happened with [inaudible] border is that this final book
which is introduction of the book is made
of 81 paragraphs. It’s a mathematical formula
that explains the whole book. And so I couldn’t ask my friend 81
illustrations was really too much. So I went to method to learn how
to make calligraphies and I copied like A, B, C, D, E. So, the
first edition was like that. And then there was a woman who
translated the book into Italian. And she was not only happy making a
tattoo of one of the illustrations. She went to Mogador,
she became the pupil of a calligrapher a master
calligrapher and, you know, it’s not only learning a craft
it’s like in a spiritual initiation and she became a calligrapher
herself. And her initiation like
her graduation work was to illustrate the part of the book that was illustrated
by Hassan Massoudy. And here, in the English
edition, in this one, is the first time it’s published. So, in all my books–>>Luis Clemens: So these are first.>>Alberto Ruy Sánchez: Yes. In all my books, when the
first one was published I began to receive letters and
the readers were involved. So, the last example
is really that one.>>Luis Clemens: So,
let’s just repeat to make sure we all caught this. There are tattoos of
calligraphies from the book that people are supporting in
interesting places which is for those of you who
have not yet read any of the work perfectly
appropriate that they should be in very private places because I
mentioned the description of Hassiba and there’s an awful lot of
love making in these books. I mean, again maybe that’s tied to the insomniac nature thing
you were referring to earlier but there’s an awful lot of– I’ve
never seen so many descriptions of female anatomy in one book and
so politely written I might add.>>Alberto Ruy Sánchez:
Well I tried to.>>Luis Clemens: You connect that
vision we were starting to talk about voices and gardens and
there is again this connection between Hassiba and sort of a garden
that is fertilizing on steroids and all these descriptions
of gardens one of which is a garden of voices.>>Alberto Ruy Sánchez:
OK, we’re good. So–>>Luis Clemens: of the
crickets I referred to.>>Alberto Ruy Sánchez: Let me
tell you about the whole cycle.>>Luis Clemens: Please.>>Alberto Ruy Sánchez: The
first volume is a research on woman’s desire it’s
called the Names of the Air. Why the Names of the Air? Because when you are in
love, even the air that comes through the window has a
name of the person you love. And that book is about a woman
who is in love with another woman and there is many people who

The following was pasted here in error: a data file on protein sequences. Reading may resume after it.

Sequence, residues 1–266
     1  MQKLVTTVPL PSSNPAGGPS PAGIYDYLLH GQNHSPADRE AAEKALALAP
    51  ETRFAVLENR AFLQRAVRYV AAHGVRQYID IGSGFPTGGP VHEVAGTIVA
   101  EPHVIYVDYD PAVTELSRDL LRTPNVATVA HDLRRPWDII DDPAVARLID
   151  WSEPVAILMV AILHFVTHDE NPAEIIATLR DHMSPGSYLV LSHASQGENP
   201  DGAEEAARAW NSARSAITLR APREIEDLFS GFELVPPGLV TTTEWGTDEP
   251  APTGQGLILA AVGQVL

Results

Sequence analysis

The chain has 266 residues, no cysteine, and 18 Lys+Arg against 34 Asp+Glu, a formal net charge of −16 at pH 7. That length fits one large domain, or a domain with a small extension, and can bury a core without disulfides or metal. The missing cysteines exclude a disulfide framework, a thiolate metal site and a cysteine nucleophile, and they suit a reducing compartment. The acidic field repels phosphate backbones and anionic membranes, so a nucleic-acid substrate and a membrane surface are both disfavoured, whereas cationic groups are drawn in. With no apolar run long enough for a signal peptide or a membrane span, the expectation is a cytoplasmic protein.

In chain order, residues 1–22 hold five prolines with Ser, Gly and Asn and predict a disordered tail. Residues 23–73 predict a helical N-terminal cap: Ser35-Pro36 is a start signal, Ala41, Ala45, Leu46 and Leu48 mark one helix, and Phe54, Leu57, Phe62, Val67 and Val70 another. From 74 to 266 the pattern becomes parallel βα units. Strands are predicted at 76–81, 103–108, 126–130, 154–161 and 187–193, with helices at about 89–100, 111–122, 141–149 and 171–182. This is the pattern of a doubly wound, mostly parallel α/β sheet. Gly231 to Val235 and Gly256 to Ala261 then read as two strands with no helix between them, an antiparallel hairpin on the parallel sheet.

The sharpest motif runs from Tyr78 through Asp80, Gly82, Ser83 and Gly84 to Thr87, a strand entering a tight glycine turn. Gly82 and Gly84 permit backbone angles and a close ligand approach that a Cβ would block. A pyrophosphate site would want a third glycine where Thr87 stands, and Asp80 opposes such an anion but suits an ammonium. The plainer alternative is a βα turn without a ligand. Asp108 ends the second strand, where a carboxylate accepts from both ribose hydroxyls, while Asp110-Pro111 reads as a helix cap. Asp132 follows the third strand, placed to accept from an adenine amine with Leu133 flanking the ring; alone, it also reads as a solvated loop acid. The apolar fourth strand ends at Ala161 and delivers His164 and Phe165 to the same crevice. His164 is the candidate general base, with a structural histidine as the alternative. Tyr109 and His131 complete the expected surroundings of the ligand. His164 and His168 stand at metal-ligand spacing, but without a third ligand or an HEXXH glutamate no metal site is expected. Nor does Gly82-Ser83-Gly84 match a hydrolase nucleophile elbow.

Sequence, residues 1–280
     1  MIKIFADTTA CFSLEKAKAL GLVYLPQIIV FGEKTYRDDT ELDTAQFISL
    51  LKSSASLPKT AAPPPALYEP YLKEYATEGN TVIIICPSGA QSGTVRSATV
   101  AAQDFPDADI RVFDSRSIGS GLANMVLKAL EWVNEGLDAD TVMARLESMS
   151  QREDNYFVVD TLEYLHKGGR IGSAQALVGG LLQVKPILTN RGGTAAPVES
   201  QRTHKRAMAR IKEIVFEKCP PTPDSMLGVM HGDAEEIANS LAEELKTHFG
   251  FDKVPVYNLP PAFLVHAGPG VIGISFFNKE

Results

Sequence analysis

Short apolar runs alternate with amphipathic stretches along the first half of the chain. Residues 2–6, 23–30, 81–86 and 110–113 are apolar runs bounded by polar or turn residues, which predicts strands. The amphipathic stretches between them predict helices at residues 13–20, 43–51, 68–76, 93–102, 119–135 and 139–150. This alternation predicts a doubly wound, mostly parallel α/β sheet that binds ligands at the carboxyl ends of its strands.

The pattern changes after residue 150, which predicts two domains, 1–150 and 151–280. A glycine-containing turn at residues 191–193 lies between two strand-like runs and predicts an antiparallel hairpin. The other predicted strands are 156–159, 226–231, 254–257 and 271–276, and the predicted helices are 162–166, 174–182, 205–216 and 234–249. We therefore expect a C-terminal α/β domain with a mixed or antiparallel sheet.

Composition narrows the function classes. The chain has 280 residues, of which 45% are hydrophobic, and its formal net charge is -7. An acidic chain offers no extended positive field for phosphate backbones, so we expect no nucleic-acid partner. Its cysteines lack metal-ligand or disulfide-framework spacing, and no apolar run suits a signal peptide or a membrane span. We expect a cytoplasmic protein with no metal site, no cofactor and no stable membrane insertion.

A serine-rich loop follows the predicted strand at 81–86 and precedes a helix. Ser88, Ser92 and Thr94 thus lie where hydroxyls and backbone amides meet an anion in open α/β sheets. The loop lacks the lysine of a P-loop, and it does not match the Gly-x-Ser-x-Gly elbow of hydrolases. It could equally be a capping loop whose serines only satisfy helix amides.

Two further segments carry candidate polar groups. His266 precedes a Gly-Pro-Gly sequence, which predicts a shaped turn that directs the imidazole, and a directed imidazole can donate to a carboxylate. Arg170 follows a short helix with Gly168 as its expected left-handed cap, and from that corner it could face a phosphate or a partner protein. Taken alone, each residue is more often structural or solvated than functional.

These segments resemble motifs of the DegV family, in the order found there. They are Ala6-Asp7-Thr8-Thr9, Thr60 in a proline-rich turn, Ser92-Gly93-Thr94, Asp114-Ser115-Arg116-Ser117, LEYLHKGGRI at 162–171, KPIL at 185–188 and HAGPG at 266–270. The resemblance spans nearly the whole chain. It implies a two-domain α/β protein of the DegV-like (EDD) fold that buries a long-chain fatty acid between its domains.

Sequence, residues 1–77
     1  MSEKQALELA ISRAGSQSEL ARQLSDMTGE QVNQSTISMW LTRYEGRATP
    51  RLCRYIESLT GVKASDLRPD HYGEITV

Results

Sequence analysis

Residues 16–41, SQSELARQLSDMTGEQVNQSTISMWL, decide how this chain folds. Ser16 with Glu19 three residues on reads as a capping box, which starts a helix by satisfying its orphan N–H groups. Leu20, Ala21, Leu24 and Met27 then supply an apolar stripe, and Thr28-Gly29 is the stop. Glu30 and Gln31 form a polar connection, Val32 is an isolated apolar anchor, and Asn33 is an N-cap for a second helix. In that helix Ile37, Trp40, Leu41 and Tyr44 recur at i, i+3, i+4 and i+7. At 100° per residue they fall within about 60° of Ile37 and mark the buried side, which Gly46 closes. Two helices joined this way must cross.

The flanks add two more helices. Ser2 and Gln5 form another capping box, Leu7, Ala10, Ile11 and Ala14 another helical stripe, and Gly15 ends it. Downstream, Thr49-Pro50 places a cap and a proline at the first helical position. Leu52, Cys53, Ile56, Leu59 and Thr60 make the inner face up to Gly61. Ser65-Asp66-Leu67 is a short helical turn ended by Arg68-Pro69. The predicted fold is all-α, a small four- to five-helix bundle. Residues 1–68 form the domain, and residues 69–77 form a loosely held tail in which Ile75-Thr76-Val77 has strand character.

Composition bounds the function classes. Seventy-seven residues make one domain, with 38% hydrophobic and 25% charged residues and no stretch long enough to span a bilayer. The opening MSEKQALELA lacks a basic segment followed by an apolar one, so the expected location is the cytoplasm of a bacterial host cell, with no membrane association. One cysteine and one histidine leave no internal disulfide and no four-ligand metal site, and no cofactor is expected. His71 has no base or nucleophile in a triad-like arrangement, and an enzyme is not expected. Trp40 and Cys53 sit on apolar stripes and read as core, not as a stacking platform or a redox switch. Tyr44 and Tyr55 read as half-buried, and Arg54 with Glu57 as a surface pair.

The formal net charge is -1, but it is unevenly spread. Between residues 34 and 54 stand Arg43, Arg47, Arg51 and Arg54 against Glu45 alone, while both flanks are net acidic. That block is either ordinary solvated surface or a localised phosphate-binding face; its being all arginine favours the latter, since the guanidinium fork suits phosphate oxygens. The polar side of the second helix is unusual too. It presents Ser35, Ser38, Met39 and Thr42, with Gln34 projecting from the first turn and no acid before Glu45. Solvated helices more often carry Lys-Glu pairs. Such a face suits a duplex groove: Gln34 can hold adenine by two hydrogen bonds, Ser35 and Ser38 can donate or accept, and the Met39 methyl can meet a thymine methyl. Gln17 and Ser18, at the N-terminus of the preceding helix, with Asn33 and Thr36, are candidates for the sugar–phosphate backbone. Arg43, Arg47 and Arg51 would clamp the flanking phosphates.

misunderstand the love of each other so like a chain of
misunderstandings. But it’s an exploration
of woman’s desire. The second one is about men’s
desire and the third one and it’s called In Lips of Water. And the third one is about
exploring the possibility of a couple making a
paradise, any kind of couple. So there is a woman, a character– well also that was written
when we already had children. And in our marriage we have two
children but we have them after more than 10 years of being together. So in pregnancy our eroticism
flourished and it was– that doesn’t happen
to all the people. So, I wanted to know why and I made
a research and I interview a lot of pregnant woman about her erotic
life while they were pregnant.>>Luis Clemens: What did
their husband say about that?>>Alberto Ruy Sánchez:
Well, I avoid the husbands. In that chapter I avoid the husbands but I ask the woman
about he husband. And, you know, there is
basically three categories. There is the woman who abandons– well first, most of the
men are afraid and escape. So, some of the woman–>>Luis Clemens: Terror is–>>Alberto Ruy Sánchez: Terrorized. Men, we are very, very coward
linking to our security to the pregnancy of woman. And many woman abandon eroticism
and they don’t think about it and. But there is a second category that
is very, very numerous of woman who have an intensity of their
erotic life and, you know, even the water has a different
taste for a pregnant woman. And those woman many times
have their first relation out of marriage in that time. And that’s amazing. That’s something that surprise me,
but that happens and I document it–>>Luis Clemens: I can see now
why you didn’t speak the husbands.>>Alberto Ruy Sánchez: So I had a
lot of stories that I couldn’t tell. And then there was
a third category–>>Luis Clemens: I can’t
wait to hear this one.>>Alberto Ruy Sánchez: —
of woman, very few of them, who decided to educate the husband. Many times was were woman who
really believe in the power of educating the husband. So, the main Hassiba is one of
those woman and her method is, well she’s the daughter
of a gardener, the gardener the only gardener in
Mogador and she thinks of garden as a meth of her paradise and to
challenge her husband and lover who is beginning not to hear
the desires in her body, she makes of him a
new male sahara sath.>>Luis Clemens: And he has
an obligation to come forth–>>Alberto Ruy Sánchez: Challenge– yes, challenged to tell
a story of desire, tell– describe a secret garden